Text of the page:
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Union: Don't blame mariners for getting Covid, as NZ finds 43 cases in a month

There are currently 43 Covid-19 cases who are international mariners either quarantined on their boats or in MIQ facilities, prompting questions about whether New Zealand should be doing more to tighten its maritime border. 

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Maritime Union of New Zealand’s Victor Billot says the Government needs to start asking what companies are doing to keep its staff safe. Source: Breakfast

Three foreign vessels carrying crew members who have tested positive for Covid-19 have arrived in New Zealand just this month. The ships — the Viking Bay, Playa Zahara and Mattina — are berthed in Wellington, Lyttelton and Bluff respectively. 

Maritime Union of New Zealand spokesperson Victor Billot said protocols at the country’s maritime borders, for the most part, have been successful in keeping Covid-19 from spreading onshore. 

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Billot said while it may be tempting to stop all crews from sailing to New Zealand over fears of infection, the country had an obligation under international maritime law to care for people in its waters. 

He added that ships, like ones carrying cargo, were important for the country’s importers and exporters. 

However, he said the Government could consider whether bringing in fishing vessels were really necessary. Billot said many of these ships were coming to New Zealand to swap crew members, who came into the country on flights. 

The Playa Zahara, Viking Bay, and Mattina vessels. Source: 1 NEWS

“In two cases, that’s what’s kind of led to the current problems with those vessels in [the ships berthed in] Lyttelton and Wellington,” he said of the fishing vessels Playa Zahara and Viking Bay. 

Billot said there also wasn’t any point blaming the crew themselves for contracting Covid-19 because some were in “difficult” and potentially vulnerable situations.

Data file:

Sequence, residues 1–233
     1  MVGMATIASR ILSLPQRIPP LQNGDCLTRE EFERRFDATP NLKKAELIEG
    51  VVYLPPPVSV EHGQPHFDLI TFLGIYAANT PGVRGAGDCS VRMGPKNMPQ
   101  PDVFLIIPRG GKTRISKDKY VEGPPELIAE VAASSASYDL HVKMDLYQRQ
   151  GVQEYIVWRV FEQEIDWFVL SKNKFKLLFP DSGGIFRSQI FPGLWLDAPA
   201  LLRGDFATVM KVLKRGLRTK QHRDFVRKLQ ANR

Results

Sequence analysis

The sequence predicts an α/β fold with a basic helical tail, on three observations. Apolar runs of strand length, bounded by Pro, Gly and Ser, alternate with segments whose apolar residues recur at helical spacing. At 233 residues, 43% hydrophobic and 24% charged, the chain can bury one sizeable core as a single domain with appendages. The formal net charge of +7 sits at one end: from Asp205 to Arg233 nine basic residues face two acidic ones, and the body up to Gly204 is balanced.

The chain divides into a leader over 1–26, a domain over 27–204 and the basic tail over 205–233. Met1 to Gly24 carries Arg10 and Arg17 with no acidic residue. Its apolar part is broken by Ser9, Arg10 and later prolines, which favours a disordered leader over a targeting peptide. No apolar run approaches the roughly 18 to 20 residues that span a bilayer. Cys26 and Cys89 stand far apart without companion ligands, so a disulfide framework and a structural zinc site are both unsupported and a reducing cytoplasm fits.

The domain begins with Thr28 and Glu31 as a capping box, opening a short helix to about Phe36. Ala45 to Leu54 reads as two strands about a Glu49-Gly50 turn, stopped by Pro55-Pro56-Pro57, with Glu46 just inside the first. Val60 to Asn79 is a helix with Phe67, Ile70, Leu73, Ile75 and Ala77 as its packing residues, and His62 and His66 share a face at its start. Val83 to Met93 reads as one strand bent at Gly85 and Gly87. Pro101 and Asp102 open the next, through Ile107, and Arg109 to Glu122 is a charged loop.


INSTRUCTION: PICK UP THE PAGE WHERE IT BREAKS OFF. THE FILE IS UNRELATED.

“A lot of those crews coming in haven’t been vaccinated because they're coming from areas in the world where it hasn’t been rolled out properly yet. It’s actually a major international problem trying to get those crews on vessels or all types of vessels vaccinated,” he said. 

Because international mariners weren’t covered by a New Zealand health order that will require the compulsory vaccination of port workers, the Government should consider whether it could vaccinate overseas crew while they were at the ports, Billot said. 

He said the Government should start “putting a bit of pressure on the shipping companies”, who were ultimately responsible for their staff’s safety, and ask them what they were doing to keep crew safe. 

Victor Billot. Source: Breakfast

Where are the cases? 

Viking Bay, docked in Wellington 

Eighteen crew members of Spanish-flagged deep-sea fishing vessel tested positive for Covid-19. Three of the infected mariners remain quarantined on the ship for safety reasons, while 15 are quarantined in Wellington's Grand Mercure MIQ facility.

Playa Zahara, docked in Lyttelton 

The fishing vessel, also Spanish-flagged, has 16 positive cases among its 18 crew members. The ship is docked in a secure quarantine berth at Lyttelton Port after Port Taranaki refused to let the ship go ashore. Thirteen of the positive crew members are in the Sudima Hotel MIQ facility in Christchurch. 

Mattina, docked in Bluff

The Marshall Islands-flagged container ship has been held back at South Port after nine of its 21 crew members tested positive for Covid-19. Two men were assessed in hospital yesterday and have since returned to the ship. Authorities said all of the cases were well enough to remain quarantined onboard the vessel.